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Long IslandObituaries

Peter McGowan, 83, former Islip Town supervisor dies

Former Town Supervisor Peter McGowan, shown in 2006,

Former Town Supervisor Peter McGowan, shown in 2006, has died at the age of 83. Credit: Newsday Staff Photographer/Michael E. Ach

Former Islip Town Supervisor Peter McGowan, who was lauded by fellow Republicans for holding the line on property taxes but who resigned from office after pleading guilty to bribe taking and money laundering, has died after a brief illness. He was 83.

His death on Tuesday morning was confirmed by Barbara O'Connor, his companion of 41 years.

McGowan was "in recent declining health" and passed away in a nursing home near Hilton Head, S.C., where he and O'Connor had retired.

"He was a force to be reckoned with that's for sure," said O'Connor, 72, a former human resources professional. "He was a dynamic person who was successful in his own right."

McGowan, a Depression-era son of Irish immigrants who was born in the South Bronx, started working full time at the age of 16, and rose to become one of the most powerful Republican figures in Suffolk County.

He considered himself a businessman first and a politician second, friends recalled. He owned popular watering holes — P.J.'s in Farmingdale and The Pumphouse in Islip — where he hosted charity events and large gatherings, connecting people and "celebrating life," O'Connor said.

He was a crisp-dressing, opinionated man who valued loyalty above all else, friends said.

"As a lawmaker and a person you could always rely on his word," said Vincent Messina, a former Islip Town attorney and McGowan's longtime friend.

"He was always a straight-shooter and he was dedicated to the taxpayers of Islip who he served with great pride. He was respectful of the fact that public office was a privilege."

But after serving for 14 years as Islip supervisor, McGowan pleaded guilty in 2006 to bribe taking, laundering $52,000 in kickbacks and witness tampering, and had to resign.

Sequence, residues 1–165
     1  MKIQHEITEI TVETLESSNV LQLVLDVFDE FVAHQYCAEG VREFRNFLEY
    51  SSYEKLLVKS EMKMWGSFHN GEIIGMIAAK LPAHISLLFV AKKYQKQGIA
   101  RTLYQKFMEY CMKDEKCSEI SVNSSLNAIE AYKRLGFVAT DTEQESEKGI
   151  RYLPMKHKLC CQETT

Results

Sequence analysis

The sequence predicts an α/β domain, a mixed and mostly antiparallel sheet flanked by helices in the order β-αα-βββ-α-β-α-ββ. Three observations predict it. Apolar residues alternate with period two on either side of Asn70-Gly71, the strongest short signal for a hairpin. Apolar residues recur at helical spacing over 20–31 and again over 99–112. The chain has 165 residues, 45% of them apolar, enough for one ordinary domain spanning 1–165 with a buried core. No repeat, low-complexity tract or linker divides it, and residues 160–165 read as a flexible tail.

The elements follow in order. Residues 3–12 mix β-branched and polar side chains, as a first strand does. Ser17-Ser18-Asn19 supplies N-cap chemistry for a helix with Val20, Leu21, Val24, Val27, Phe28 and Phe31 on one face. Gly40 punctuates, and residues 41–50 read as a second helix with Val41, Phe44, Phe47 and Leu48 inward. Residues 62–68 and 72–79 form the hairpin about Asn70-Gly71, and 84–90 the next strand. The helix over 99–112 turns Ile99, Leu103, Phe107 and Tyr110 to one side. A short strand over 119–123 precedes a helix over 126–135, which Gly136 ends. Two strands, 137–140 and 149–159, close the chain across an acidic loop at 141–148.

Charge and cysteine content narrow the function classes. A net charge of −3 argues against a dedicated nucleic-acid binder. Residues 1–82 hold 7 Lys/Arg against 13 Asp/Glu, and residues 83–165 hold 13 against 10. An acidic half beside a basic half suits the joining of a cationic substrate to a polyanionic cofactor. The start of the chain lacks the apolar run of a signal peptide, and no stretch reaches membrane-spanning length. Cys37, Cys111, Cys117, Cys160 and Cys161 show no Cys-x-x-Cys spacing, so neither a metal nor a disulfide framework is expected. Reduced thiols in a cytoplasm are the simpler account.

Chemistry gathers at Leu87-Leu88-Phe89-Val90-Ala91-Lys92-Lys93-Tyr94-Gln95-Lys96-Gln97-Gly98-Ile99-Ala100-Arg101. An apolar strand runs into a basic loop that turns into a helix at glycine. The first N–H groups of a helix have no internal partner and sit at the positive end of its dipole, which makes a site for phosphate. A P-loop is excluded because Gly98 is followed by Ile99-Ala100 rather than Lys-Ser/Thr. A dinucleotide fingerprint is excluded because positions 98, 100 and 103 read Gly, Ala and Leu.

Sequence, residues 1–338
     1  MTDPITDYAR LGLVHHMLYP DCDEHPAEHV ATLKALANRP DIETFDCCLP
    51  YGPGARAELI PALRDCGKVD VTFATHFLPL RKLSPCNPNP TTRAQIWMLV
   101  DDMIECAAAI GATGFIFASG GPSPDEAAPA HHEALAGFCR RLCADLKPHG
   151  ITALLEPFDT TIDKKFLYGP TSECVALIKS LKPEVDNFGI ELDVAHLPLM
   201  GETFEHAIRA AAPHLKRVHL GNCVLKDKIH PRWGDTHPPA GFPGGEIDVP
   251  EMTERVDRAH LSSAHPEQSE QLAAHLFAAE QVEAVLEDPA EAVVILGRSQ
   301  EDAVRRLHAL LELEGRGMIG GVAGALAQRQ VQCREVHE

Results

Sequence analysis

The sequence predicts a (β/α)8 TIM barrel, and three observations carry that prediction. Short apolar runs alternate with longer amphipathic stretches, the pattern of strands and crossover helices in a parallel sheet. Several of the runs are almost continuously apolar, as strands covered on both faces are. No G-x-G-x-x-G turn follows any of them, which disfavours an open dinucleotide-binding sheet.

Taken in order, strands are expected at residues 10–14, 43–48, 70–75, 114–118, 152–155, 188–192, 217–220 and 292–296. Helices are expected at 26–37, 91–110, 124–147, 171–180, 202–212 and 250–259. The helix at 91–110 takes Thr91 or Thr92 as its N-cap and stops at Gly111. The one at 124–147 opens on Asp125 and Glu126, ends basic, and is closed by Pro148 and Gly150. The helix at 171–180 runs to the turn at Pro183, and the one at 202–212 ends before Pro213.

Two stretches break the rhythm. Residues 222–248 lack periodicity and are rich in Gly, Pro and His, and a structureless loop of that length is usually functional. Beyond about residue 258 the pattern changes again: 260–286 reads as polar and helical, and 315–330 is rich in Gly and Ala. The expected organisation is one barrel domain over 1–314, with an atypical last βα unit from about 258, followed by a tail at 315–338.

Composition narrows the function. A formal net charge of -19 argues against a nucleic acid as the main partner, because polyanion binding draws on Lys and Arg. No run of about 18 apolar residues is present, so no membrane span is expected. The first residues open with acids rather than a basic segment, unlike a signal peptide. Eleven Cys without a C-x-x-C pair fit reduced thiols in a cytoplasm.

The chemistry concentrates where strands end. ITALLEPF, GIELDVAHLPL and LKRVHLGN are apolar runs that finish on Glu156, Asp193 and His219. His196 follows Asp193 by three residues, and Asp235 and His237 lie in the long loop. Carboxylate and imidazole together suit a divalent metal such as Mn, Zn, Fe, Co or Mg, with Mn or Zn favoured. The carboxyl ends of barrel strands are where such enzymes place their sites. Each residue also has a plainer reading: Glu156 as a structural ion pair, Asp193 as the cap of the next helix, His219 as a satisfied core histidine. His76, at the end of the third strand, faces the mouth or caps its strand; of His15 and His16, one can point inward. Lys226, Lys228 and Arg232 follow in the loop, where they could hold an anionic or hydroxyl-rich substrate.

He was charged with stealing from his campaign fund to pay for restaurant meals, vacations and visits to spas.

He served three months in the Suffolk County jail and later performed community service. His campaign fund was returned to donors.

McGowan began his political career on the Islip Town planning board in the 1980s.

After an unsuccessful bid for Suffolk County Legislature, McGowan, an Islip Town Board member, was appointed supervisor in March 1993, replacing Republican Frank Jones, who stepped down to head Suffolk Off-Track Betting.

McGowan focused on cutting town taxes and was reelected by wide margins on that platform. Under McGowan, homeowners saw no town tax increases for 13 years.

"All I'm interested in is protecting the people in the Town of Islip, and giving them the best bang for the buck," McGowan once said in a Newsday interview. "I'll support anybody that I believe will do that, and I'll fight anybody that doesn't do that. That's why they put me here."

McGowan played a key role in Southwest Airlines' decision to expand service to Long Island in the 1990s. That helped spur the growth of Long Island MacArthur Airport, which is owned by Islip Town.

Islip Supervisor Angie Carpenter, a Republican, said she believed McGowan will be remembered primarily for turning MacArthur airport into an economic engine for the town.

Because of his efforts to recruit Southwest Airlines as a tenant, McGowan "put us on the map as a regional airport and gave us a base from which to grow," Carpenter said in an interview Wednesday.

"That airport was his baby — he just loved that airport," Carpenter said.

Carpenter drew criticism when she included MacGowan among former Islip supervisors invited to her swearing-in in January 2016.

Carpenter called it a "nice gesture," but then-Islip Republican Party chairman Frank Tantone said, "I was actually flabbergasted. Whoever’s idea it was should have really thought about it. It was really questionable. I certainly wouldn’t have done it."

McGowan was the son of Mary Waters McGowan, a native of County Mayo, Ireland.

His mother immigrated to the United States as a teenager after her father was caught carrying messages for the Irish Republican Army. McGowan's father, also Peter, was a New York City police detective.

McGowan is survived by two sisters, Patricia and Mary, both Florida residents. A memorial service is being planned for early December at the Church of St. Mary in East Islip, with burial in Mount Saint Mary Cemetery in Flushing, Queens.

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